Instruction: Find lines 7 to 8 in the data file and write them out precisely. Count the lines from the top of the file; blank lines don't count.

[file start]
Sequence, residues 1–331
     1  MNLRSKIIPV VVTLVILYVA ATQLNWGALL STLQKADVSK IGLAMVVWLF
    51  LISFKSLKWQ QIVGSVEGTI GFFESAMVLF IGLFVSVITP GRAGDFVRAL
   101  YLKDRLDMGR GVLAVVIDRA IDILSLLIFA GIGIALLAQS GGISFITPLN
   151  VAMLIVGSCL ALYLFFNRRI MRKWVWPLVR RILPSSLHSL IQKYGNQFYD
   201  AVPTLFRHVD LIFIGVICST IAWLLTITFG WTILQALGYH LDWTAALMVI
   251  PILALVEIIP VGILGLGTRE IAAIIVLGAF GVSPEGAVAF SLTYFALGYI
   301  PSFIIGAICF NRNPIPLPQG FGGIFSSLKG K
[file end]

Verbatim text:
   251  PILALVEIIP VGILGLGTRE IAAIIVLGAF GVSPEGAVAF SLTYFALGYI
   301  PSFIIGAICF NRNPIPLPQG FGGIFSSLKG K